Big hurdles to job creation remain
A banner reading 'Jobs' hangs on thre facade of the U.S. Chamber of Commerce in Washington.
MITCHELL HARTMAN: Imagine a new reality show -- it's called Hey, America, Get a Job, and it has this edgy-yet-upbeat music. And here's our first contestant.
BRITTANY REICHARD: My name is Brittany Reichard. I'm 22, I live in Oregon and I've got a job.
Brittany is one of the winners! And now she talks about the long odds she faced, and how consistent persistence helped her land an entry-level marketing job in her field -- environmental science.
REICHARD: The adults in the job industry are staying in their jobs longer. Young people coming out of college don't have a place to really fit in. And so it's just kind of keeping your arms open and trying to reach whatever you can out in the job market.
Her employer, meanwhile, could be a winner on reality TV, too. The company, called Columbia Green, has been growing by leaps and bounds. It's a roofing manufacturer that installs plants and soil on top of commercial buildings to filter storm-water. The green roofs can save building owners a lot of money on waste water disposal and energy. Vanessa Keitges bought the business two years ago.
VANESSA KEITGES: Our products went national, and most recently international with Canada, Europe and New Zealand.
Keitges expects revenues to hit $3 million this year, and $15 million by 2013. She'll double the office staff to 12 next year.
But this reality show celebrating job creation -- well, it may not have a very long run. Because as much as we cheer for the few companies that are growing, it's not enough -- not nearly enough.
WILLIAM DUNKELBERG: Actually, I don't think we've seen any decent jobs growth since the recovery allegedly started back in June of '09.
William Dunkelberg is chief economist at the National Federation of Independent Business.
DUNKELBERG: Just to keep up with population growth, you need about 125,000 net new jobs every month. Then if you want to re-employ the eight million people that we fired during the recession, we need well over 300,000 jobs.
That's every month, for at least the next three years. Recently, we've been adding just 70,000 jobs a month. While health care, hospitality and manufacturing have been hiring, everything connected to housing -- from construction to real estate -- has been stuck in the mud.
Still, with corporate profits up and companies sitting on piles of cash, why aren't they using some of that to hire up? Dunkelberg says it's a simple matter of not enough demand in the economy for goods and services, especially from consumers.
DUNKELBERG: The problem with the weak consumer spending that we have is that the likelihood of a new employee being able to generate enough additional value to the company -- sales, or whatever -- is pretty low, so there's no good reason to hire.
And so many reasons not to hire. I caught up with David Allison at the factory he owns in suburban Chicago. Jet Finishers has about 50 employees and does industrial coating for tractors, military vehicles and consumer electronics. Allison laid off a third of his workers in 2009. Since then, business is up, and the factory's humming, but --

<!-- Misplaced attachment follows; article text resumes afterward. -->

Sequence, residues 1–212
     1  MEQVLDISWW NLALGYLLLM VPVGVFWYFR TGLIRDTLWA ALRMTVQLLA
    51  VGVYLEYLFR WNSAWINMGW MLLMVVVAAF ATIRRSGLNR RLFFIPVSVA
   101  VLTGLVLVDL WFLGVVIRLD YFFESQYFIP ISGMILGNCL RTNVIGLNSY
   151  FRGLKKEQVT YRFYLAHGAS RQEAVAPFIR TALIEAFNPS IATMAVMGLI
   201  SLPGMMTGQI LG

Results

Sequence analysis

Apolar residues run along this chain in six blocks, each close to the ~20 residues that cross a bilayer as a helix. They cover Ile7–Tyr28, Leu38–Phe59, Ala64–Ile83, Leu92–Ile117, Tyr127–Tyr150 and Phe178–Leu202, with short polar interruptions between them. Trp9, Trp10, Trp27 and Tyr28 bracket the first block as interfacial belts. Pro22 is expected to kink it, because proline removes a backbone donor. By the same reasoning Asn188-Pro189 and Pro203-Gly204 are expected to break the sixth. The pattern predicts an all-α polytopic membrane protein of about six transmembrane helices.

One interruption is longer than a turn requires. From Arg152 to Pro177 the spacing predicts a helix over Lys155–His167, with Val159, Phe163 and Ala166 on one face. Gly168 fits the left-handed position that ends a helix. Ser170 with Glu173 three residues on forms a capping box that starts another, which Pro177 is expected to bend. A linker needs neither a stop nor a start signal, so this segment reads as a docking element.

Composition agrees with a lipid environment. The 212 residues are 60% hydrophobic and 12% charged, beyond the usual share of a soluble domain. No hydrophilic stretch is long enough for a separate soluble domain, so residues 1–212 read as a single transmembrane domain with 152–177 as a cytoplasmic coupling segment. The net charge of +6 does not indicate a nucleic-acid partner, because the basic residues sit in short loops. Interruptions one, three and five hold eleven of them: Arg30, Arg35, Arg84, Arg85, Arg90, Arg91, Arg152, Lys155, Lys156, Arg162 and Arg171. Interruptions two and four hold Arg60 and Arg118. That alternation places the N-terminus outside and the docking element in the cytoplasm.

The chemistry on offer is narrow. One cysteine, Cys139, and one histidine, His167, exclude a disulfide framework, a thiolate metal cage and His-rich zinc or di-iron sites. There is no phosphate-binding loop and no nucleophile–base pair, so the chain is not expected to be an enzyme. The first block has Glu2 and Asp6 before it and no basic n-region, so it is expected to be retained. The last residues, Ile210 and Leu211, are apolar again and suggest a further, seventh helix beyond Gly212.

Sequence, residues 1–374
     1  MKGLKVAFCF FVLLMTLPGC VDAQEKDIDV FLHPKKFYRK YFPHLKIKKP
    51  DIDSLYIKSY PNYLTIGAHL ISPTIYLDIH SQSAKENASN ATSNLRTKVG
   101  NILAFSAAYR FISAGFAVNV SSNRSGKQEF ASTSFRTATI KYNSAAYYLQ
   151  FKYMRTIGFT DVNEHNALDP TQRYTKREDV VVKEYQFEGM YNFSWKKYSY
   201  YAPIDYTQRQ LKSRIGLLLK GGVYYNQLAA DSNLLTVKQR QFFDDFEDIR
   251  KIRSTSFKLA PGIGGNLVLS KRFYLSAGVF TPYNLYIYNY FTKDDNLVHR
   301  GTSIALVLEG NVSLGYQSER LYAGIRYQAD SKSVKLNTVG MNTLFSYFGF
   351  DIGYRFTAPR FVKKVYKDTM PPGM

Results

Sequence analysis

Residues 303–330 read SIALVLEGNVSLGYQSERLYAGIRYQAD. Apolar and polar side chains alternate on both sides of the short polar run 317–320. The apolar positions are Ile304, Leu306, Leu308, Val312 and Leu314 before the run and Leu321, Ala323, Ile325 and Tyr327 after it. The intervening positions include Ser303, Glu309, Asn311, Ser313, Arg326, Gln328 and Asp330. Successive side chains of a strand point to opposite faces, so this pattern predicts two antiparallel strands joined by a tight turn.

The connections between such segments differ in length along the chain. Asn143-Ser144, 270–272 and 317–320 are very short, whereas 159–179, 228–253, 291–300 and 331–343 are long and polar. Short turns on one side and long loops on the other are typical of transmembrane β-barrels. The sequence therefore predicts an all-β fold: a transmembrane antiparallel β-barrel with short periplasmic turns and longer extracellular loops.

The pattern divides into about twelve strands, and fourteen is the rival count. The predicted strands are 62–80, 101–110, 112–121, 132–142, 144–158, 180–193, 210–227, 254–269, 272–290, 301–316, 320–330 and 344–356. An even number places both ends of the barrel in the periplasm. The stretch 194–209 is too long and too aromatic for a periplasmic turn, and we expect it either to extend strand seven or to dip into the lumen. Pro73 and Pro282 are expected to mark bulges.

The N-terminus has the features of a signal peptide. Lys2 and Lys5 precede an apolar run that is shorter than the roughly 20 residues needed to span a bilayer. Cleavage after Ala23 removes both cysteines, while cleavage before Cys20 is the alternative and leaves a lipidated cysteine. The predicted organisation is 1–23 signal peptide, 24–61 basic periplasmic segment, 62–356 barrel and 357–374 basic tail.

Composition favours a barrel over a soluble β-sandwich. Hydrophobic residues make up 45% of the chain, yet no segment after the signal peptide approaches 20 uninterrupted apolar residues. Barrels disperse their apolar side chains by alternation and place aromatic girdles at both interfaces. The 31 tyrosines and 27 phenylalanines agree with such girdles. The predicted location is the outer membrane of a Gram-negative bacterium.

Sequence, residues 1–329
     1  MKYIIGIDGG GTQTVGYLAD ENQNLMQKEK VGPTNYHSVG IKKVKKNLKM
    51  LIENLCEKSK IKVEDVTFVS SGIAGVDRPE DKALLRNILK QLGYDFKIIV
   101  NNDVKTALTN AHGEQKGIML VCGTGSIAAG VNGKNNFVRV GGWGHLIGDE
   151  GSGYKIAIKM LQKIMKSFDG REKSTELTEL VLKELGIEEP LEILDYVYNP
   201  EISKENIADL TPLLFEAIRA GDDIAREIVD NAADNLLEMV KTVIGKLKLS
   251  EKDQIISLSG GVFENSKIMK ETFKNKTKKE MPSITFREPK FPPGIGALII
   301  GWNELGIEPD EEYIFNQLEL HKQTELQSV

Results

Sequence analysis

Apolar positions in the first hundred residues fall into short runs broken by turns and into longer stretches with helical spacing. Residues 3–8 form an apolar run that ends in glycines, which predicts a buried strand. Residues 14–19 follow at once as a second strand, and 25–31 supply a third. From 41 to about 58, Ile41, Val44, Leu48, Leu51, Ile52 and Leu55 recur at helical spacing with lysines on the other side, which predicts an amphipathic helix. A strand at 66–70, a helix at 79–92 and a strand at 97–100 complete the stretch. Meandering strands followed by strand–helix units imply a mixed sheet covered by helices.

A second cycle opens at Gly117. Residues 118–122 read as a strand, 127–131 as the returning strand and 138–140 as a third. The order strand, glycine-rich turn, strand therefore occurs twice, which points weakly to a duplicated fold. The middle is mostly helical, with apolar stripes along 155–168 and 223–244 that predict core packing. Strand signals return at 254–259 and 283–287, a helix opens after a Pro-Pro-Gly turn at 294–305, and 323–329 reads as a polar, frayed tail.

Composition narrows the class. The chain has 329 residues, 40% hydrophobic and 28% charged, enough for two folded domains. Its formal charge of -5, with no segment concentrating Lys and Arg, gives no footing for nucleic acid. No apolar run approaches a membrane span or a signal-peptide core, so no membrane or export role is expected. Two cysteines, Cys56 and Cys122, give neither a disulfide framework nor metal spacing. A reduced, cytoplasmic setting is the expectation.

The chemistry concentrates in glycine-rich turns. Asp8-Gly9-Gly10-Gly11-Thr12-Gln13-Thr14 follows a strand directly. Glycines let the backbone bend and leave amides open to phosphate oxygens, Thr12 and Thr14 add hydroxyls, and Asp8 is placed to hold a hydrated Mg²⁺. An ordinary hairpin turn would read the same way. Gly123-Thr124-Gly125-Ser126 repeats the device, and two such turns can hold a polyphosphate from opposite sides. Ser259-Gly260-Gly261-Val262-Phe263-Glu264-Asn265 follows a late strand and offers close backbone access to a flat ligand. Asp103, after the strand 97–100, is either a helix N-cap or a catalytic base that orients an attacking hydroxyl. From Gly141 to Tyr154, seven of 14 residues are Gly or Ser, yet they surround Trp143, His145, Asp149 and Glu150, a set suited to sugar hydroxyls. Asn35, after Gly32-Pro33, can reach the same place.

DAVID ALLISON: The people we have hired when we've needed extra hands, we've brought them from a staffing agency, because we're just loathe to bring anyone on permanently.
What would make you think twice about what you just said?
ALLISON: You know, that's tough, I've been thinking about this myself. It really comes down to how I feel about the future. We did hire a couple of people, we did make that decision, and I ended up letting one of them go again. What would have to happen is, we'd have to see some sense that the growth is permanent, not just a temporary blip.
There's no shortage of ideas for pushing business owners like Allison off the fence and into hiring mode. Many in the business community support a payroll tax cut for employers, for instance. That would shave a bit off the cost of adding workers to your payroll.
ALLISON: I don't think a few percentage points one way or the other on a payroll tax is going to make any difference.
An employer tax cut would also add to U.S. government debt. Cheaper ideas include boosting exports -- which are already a bright spot for the U.S. economy. President Obama says ratification of free-trade agreements would create jobs in the manufacturing and service sectors.
Another proposal: give immigrant entrepreneurs a "start up visa" to settle here if they create jobs. Many Democrats are calling for another round of spending on roads, bridges, schools. That would mean paychecks for laid-off construction workers, and, most likely, a bigger deficit.
Stimulus dollars have kept the 400 union workers at Oregon Iron Works, outside Portland, busy right through the recession, cranking out massive bridge fittings, boats and streetcars. As that funding runs out, company vice president Chandra Brown worries about a drop-off in business. At all costs, she wants to avoid layoffs.
CHANDRA BROWN: So I tell you what, even in the downtown, we are going to keep our best people. That's our number one responsibility is to keep our currently fantastically trained welders and fitters, machine shop -- that you can't even find anymore.
It's unlikely any of the ideas now being floated would generate the 300,000 jobs we need every month to dig out of the unemployment hole. And with the economy actually slowing down, the best hope may simply be that companies don't start downsizing yet again.
I'm Mitchell Hartman for Marketplace.